Now Open: Record Revival's Newer, Bigger Midtown Location
Local vinyl junkies in need of a fix now have a new place to score. Namely, the recently reopened Record Revival. Earlier this month, the LP emporium went from pint-size to supersize after debuting its newer, bigger digs along Osborn Road near Seventh Street, which boasts three rooms' worth of used records. And more reportedly are on the way.
Photos by Benjamin Leatherman Record Revival near Seventh Street and Osborn Road.
Store manager Matt Martinez, who's also the bassist in local death metal band Landmine Marathon, estimates that they currently have 10,000 to 12,000 records on display throughout the 1,500-square-foot location, a former office space and food bank on the bottom floor of an old fourplex apartment building. It's a far cry from Record Revival's original home as a smaller pop-up shop inside Guitar Tree next door.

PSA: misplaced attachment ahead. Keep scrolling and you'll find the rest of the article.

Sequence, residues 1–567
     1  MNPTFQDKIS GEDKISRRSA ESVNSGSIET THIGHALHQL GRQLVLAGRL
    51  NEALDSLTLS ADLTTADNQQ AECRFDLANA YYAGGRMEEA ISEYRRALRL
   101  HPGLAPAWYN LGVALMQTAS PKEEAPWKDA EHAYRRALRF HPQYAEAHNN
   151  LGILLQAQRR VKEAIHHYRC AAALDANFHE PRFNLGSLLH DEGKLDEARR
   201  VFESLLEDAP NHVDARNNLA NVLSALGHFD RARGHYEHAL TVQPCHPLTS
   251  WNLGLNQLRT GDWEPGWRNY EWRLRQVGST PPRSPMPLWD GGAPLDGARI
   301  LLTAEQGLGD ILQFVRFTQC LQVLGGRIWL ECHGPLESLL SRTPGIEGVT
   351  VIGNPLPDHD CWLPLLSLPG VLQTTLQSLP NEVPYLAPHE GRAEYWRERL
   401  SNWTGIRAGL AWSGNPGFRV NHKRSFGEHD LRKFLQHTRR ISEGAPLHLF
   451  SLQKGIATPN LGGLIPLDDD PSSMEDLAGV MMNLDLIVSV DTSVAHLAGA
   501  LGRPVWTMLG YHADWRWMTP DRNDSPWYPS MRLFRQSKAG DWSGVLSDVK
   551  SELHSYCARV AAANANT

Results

Martinez says they've got space to spare, including another room that will open in the next month or two and eventually contain even more records that he and other employees haven't sorted yet.
"I've counted the back stock that we haven't gone through and sorted yet from trades and buys," he says. "And there's another 4,000 to 5,000 that we haven't put out yet."
Martinez, is eager to dive into the task, since he's been a vinyl fanatic since his teenage years when he began haunting the old Eastside in Tempe.
"Eastside Records raised me," he says. "I shopped there as a kid and learned a lot about records and always had a passion for 'em. In the '90s, I was shopping there as a kid and picking up punk. And the passion never left me. That's kind of been the whole thing of it, I've always been into records."
So Martinez, a onetime employee of Guitar Tree, was plenty stoked when the shop's former co-owner, Mike Casey, asked the bassist's advice last fall about records. More specifically, how to go about selling off an enormous vinyl collection that Casey had inherited from a recently deceased relative.
"He asked me about with this massive collection of records, about 7,000 or so, and wanted to know, 'What would you do with this? How would you go about distributing all these records?," Martinez says.
The bassist's advice was simple: start a store.